Separate Unto God
by Willie White
Mr. White is pastor of Brookstone Baptist Church, Henderson, North Carolina. This article appeared in the Christian Century, February 13, 1974, pp. 179-181. Copyright by The Christian Century Foundation; used by permission. Current articles and subscription information can be found atwww.christiancentury.org. This material was prepared for Religion Online by Ted and Winnie Brock.
In this age of integration and ecumenism, one hears a great deal of talk about black and white churchesí "getting together." But before black churches and black Christians allow themselves to be carried away by the idea that they are called to usher in a golden age of reconciliation in the church, they should examine the meaning of this call.
For too long black Christians believed that the reason they had their own churches and ministers was that white Christians barred them from their "houses of God." It is true that after the founding of the black church community, blacks were barred from white congregations. But that is far from being the whole story behind the existence of the black church.
As is well known today (at least in the academic circles of the black church), Richard Allen is commonly considered the father of the black church because of his refusal to be a member of a congregation where white Christians were making the house of God an instrument in the dehumanization of black people. Yet the black Christian must now begin looking more deeply into Allenís simple act. The average black Christian who knows of this act is unable to grasp its significance -- unable to see that, with Allen, God and the Spirit of Christ were also walking out of the white churches of these United States. This is hard enough for black Christians to see; it is much harder, almost impossible, for whites to see.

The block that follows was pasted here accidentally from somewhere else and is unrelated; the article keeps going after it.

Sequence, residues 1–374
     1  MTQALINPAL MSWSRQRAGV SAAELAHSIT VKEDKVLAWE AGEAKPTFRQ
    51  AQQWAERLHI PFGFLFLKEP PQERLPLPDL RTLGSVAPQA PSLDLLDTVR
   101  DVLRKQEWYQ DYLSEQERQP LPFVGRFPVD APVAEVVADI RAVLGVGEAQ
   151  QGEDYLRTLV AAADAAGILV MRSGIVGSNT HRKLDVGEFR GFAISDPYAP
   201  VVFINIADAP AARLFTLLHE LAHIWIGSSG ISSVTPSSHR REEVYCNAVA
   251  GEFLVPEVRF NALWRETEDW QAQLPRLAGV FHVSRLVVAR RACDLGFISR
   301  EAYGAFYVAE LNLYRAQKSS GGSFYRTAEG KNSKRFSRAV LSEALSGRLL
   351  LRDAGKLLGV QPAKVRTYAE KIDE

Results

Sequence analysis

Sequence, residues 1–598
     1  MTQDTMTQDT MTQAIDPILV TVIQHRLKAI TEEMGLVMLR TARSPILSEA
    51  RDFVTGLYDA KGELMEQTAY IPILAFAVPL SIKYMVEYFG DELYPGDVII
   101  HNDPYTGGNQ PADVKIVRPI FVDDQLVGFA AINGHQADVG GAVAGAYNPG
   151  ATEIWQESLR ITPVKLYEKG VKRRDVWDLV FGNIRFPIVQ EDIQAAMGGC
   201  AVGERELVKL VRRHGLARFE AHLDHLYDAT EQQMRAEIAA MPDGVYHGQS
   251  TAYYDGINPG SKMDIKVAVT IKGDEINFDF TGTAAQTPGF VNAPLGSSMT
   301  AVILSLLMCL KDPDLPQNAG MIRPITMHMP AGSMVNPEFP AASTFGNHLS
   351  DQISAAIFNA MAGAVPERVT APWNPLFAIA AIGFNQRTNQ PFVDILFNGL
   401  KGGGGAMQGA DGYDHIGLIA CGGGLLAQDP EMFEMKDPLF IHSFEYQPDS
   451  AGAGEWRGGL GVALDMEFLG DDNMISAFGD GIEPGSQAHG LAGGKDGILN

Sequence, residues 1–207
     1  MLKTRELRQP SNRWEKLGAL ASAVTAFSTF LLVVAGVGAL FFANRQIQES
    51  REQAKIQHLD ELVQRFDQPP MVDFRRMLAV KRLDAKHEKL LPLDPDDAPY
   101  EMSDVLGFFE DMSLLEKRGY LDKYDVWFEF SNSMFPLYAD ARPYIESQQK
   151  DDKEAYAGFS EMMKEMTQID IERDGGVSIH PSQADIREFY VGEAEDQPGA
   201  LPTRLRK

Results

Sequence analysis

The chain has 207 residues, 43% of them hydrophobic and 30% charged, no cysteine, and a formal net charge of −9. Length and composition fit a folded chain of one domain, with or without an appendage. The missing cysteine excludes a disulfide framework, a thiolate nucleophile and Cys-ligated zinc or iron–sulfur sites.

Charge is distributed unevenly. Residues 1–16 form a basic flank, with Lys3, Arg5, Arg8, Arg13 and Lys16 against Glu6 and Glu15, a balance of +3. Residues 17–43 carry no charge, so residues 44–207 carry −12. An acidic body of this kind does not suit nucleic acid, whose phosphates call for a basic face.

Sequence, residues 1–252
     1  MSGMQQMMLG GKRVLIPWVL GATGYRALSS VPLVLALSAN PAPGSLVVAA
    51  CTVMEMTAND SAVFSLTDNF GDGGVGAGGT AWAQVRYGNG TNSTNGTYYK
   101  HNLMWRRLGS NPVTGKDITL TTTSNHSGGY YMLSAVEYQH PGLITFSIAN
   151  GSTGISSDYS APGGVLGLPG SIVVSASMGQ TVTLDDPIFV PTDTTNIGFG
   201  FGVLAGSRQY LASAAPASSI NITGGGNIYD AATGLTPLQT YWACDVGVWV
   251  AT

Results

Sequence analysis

How then can we speak confidently of Godís walking out? We can because that statement is consistent with the testimony of the early Christian church, and because the actions of white Christians in America were then -- and still are -- in radical contradiction to what Godís revelation in the Judeo-Christian faith has taught us: that God is universal and that his call is for all people to come unto him and into his house to partake of his love, his justice, his mercy -- indeed, of his very being. And the counsel of Jesus -- nay, the command of Jesus -- is that when the Christian testimony is rejected, his disciples are to depart from the place of the rejecters. It is this commandment, in obedience to which Allen refused to let white men make a mockery of the Christian faith, that stands today as the God-given birthright of the black church. For the establishment of the black church was not the work of a mere man; it was the work of Christ.
The revelation of God in the black church and in the lives and experience of black Christians has laid an obligation on black people: their task is to stand everywhere in the world as a Christian symbol of Godís opposition to oppression. White men must be made to realize that the black church is the instrument of God in this world, not just a group of nigger churchgoers who are separated unto themselves until the good graces of white men call them back into fellowship with white congregations.